Significant absorption within 1 hour and peak plasma levels are reached within 4 hours.


Oral rat LD50: > 20,000 mg/kg. Oral mouse LD50: 3250 mg/kg.

Biotrnasformation / Drug Metabolism

Primarily hepatic (mainly cytochrome P450 3A4). The major metabolite is the 4-trans-hydroxy derivative. A second metabolite, the 3-cis-hydroxy derivative, also occurs. These metabolites contribute no significant hypoglycemic action in humans as they are only weakly active.


MICRONASE Tablets are contraindicated in patients with:

1.Known hypersensitivity or allergy to the drug.

2.Diabetic ketoacidosis, with or without coma. This condition should be treated with insulin.

3.Type I diabetes mellitus, as sole therapy.

Drug Interactions

The hypoglycemic action of sulfonylureas may be potentiated by certain drugs including nonsteroidal anti-inflammatory agents and other drugs that are highly protein bound, salicylates, sulfonamides, chloramphenicol, probenecid, coumarins, monoamine oxidase inhibitors, and beta adrenergic blocking agents. When such drugs are administered to a patient receiving MICRONASE, the patient should be observed closely for hypoglycemia. When such drugs are withdrawn from a patient receiving MICRONASE, the patient should be observed closely for loss of control.

Certain drugs tend to produce hyperglycemia and may lead to loss of control. These drugs include the thiazides and other diuretics, corticosteroids, phe-nothiazines, thyroid products, estrogens, oral contraceptives, phenytoin, nicotinic acid, sympathomimet-ics, calcium channel blocking drugs, and isoniazid. When such drugs are administered to a patient receiving MICRONASE, the patient should be closely observed for loss of control. When such drugs are withdrawn from a patient receiving MICRONASE, the patient should be observed closely for hypoglycemia.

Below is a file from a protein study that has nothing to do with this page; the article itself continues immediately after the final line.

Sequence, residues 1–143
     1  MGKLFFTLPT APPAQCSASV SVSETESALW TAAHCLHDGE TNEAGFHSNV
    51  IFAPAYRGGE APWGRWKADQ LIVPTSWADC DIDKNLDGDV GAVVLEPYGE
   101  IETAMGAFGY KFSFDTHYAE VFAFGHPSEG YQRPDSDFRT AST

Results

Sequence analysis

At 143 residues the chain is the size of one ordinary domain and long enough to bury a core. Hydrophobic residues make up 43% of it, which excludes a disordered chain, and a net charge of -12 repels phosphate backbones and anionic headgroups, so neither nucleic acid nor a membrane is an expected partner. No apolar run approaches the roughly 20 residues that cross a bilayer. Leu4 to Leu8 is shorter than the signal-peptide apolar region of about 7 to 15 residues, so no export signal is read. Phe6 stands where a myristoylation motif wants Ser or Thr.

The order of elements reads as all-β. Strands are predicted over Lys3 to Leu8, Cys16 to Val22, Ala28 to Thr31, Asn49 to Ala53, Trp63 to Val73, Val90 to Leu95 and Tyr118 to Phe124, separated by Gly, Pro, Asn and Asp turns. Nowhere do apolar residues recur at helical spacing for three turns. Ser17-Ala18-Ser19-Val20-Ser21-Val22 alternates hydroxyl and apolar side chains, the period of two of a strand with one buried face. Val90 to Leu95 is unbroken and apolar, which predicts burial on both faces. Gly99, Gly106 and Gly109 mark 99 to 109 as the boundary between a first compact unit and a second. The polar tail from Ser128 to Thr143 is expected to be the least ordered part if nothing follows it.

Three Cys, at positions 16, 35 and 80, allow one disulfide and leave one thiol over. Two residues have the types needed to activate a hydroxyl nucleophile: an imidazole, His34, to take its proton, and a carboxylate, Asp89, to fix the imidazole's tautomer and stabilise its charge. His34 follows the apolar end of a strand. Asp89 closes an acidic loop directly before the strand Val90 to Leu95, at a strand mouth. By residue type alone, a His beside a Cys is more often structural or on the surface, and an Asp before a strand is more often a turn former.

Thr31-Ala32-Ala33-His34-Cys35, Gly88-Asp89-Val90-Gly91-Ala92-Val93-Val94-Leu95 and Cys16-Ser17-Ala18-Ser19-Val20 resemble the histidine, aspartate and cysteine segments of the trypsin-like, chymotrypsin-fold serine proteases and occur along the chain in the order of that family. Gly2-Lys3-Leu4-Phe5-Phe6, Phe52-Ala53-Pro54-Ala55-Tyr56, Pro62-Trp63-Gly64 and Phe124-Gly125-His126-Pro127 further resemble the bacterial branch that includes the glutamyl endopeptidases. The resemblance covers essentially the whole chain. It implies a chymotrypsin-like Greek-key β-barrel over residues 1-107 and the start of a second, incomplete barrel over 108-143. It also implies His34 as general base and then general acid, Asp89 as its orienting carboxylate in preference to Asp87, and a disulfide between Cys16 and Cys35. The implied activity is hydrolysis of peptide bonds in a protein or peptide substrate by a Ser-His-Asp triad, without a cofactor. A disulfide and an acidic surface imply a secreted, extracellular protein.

A possible interaction between glyburide and ciprofloxacin, a fluoroquinolone antibiotic, has been reported, resulting in a potentiation of the hypoglycemic action of glyburide. The mechanism for this interaction is not known.

A potential interaction between oral miconazole and oral hypoglycemic agents leading to severe hypoglycemia has been reported. Whether this interaction also occurs with the intravenous, topical or vaginal preparations of miconazole is not known. Metformin: In a single-dose interaction study in NIDDM subjects, decreases in glyburide AUC and Cmax were observed, but were highly variable. The single-dose nature of this study and the lack of correlation between glyburide blood levels and pharmaco-dynamic effects, makes the clinical significance of this interaction uncertain. Coadministration of gly-buride and metformin did not result in any changes in either metformin pharmacokinetics or pharmaco-dynamics.